The German equivalent of AAA, Allgemeiner Deutscher Automobil-Club (ADAC), has long been a proponent of a limitless Autobahn. However, the group recently walked back its zeal for the cause amid demands from environmental groups to enact speed limits in a bid to curb emissions.
While most of the Autobahn has the same posted limits you’d find on most North American highways, there are plenty of sections where people can drop the hammer and go as fast as conditions permit. Safety advocates have often raised an eyebrow, encouraging regulators to limit additional sections of the roadway, but universal limits have always been a bridge too far. Now that environmental groups have joined the fray, the issue has garnered a lot more attention.
Los Angeles Has a Green New Deal of Its Own - No ICE Vehicles by 2050
The last decade is littered with announcements from cities, provinces, and states from across the globe, promising to ban internal combustion vehicles by a predetermined date. While the rules and timelines vary quite a bit, the locations are relatively consistent. China and Europe are the most eager to adopt a zero-emission strategy, with California doing most of the promising in North America.
This week, Los Angeles Mayor Eric Garcetti announced the city’s “ Green New Deal.” Styled to resemble the contentious stimulus program sponsored by Rep. Alexandria Ocasio-Cortez (D-NY) and Sen. Ed Markey (D-MA) that shares its name, LA’s plan is similarly concerned with promoting “environmental justice,” equity, green jobs, renewable energy, improved air quality, and sourcing clean water.
Transportation is also a major component of the deal, with the city suggesting that 100 percent of car sales will be zero-emission by 2050 and 50 percent of all trips could be completed by walking, biking, “micro-mobility” (scooters, etc), or public transit — reducing vehicle miles per capita by 45 percent in the same timeframe.
'Artisanal' Child Labor Business Booming, Thanks to Electric Vehicle Renaissance
Electric cars have been praised as the future savior of mankind for quite some time now, but only in the last few years have mainstream automakers promised to drive headlong into EV production. Governments around the globe encourage the transition. The reality of battery production isn’t so clear-cut, however. Unless you make your daily commute in a Mack truck, odds are good that swapping to a sparkly new four-door with a lithium-ion battery isn’t going to be better for the environment.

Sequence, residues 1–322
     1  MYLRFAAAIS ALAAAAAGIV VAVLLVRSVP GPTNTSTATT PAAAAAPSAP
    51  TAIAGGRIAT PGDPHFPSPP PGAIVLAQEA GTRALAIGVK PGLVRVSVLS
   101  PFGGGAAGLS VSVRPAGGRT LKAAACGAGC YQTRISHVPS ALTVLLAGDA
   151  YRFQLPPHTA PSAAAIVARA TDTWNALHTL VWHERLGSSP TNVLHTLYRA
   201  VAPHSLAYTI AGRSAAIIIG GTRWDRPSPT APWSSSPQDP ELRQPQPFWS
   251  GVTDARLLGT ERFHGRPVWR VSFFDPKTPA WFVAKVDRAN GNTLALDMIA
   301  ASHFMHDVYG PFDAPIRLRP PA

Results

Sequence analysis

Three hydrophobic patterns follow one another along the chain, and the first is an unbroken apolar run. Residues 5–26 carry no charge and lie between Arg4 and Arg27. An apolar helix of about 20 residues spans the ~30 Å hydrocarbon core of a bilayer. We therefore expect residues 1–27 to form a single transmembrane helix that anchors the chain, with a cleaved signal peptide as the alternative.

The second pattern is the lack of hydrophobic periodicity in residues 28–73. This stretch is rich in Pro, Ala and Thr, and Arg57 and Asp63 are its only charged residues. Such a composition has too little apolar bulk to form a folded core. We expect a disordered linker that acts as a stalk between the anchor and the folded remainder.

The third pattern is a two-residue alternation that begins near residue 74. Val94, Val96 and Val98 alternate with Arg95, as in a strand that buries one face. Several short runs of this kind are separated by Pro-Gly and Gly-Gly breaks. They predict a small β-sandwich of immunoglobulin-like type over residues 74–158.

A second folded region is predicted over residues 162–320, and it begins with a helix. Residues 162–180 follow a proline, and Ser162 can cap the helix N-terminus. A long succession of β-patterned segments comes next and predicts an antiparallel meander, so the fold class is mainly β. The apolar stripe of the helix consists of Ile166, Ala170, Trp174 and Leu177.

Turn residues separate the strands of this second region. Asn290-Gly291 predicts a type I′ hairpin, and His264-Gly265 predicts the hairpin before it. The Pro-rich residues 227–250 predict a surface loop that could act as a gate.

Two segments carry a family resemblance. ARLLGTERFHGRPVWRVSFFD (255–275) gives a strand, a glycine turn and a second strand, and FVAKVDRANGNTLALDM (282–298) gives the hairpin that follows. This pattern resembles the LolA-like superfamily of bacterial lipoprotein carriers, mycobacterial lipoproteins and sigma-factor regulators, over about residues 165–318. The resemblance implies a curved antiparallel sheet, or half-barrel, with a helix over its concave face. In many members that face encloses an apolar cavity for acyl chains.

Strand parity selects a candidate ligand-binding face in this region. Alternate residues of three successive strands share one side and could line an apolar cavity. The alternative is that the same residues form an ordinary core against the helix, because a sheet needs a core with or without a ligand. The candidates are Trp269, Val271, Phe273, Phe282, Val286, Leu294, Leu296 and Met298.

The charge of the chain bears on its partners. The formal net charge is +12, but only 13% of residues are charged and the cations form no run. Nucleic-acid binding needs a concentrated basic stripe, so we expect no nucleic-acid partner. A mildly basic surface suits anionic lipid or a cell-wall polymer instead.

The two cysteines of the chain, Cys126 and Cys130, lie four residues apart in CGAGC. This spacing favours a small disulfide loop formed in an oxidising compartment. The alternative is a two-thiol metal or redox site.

Currently, it takes substantially more energy to produce an electric car than a conventional internal-combustion model. EVs sourcing their energy from fossil fuel-burning power plants aren’t much better for the environment than something that runs off pump gas. In addition to that, defunct batteries have to be recycled or they become environmental hazards — and no one has quite figured out the best way to do that yet.
There’s also the issue of sourcing the materials for those batteries. EV cells need scarce precious metals like nickel and cobalt. Those materials take a lot of energy to harvest and have, unfortunately, led to an increase in child labor rates in Africa.
Colorado is Smoking Out Coal Rollers; Practice to Be Made Illegal
Rolling coal is one of the more contentious forms of automotive customization, primarily because it’s as much associated with vindictive cruelty as it is with having a good time.
In fact, there are probably more videos on YouTube of modified diesel truck owners blasting cyclists, protesters, activists, and EV drivers with sooty smoke than there are not. Over the last few years, rolling coal has become a way for many to showcase their anti-environmentalist and hard-right viewpoints. However, regardless of your politics, being on the receiving end of a diesel truck intentionally running ultra-rich is obnoxious and several states have attempted to ban the practice.
After three failed attempts, Colorado finally managed to pull it off. While earlier attempts fizzled, mainly due to concerns expressed by the Republican-controlled Senate over how regulations might affect the trucking and agriculture industries, a revised bill better addressed those concerns. Now, law enforcement will undergo training to help differentiate between a smoky work truck and those specifically designed to run rich for the purpose of rolling.
Morrissey Wants GM to Offer Vegan Interiors; GM Says 'How Soon Is Now?'
In a letter addressed to General Motors CEO Mary Barra, renowned complainer singer Morrissey requested that the company offer vegan leather interiors for the Chevrolet Volt and upcoming Bolt EV. The request is part of a PETA campaign aimed at curbing leather production, helping electric car buyers enjoy all of the pleasures associated with animal skin seats without any of the guilt.
However, it turns out that General Motors already had something in the works.
TTAC News Round-up: Tesla Range Rumors Fly, Lada Needs a Miracle, and Nissan Dreams Big
Is Tesla planning a Model S update that squeaks past 300 miles of range?
That, a savior is needed at Lada’s parent company, Nissan wants your future car to be everything, Ford goes all in down under, and pedestrians and cars are meeting frequently … after the break!
Should Americans Fund Fracking?
Imagine growing up in the modern day world and having no future.
No education. No upward mobility. No right to pursue a better life beyond just a few crumbs of financial sustenance.
This is the reality in most Arab countries and former Soviet republics. It’s a world where opportunities are almost non-existent and certain cliques and clans determine who has the exclusive right to get ahead.
I grew up traveling the world in a family business — the food import business, to be exact. I have learned that in the West there is a tendency to believe folks can overcome Herculean odds in the pursuit of that better life, whatever and wherever it may be.
That opportunity just isn’t there in these places where even geniuses can be damned to a life of a terminally squalid environment. It’s a shame. But what if instead of investing billions of dollars in armaments and other forms of support to these idiotic regimes, we tipped the scales of supply and demand a bit in favor of the billions of little guys and little girls?
Let me explain.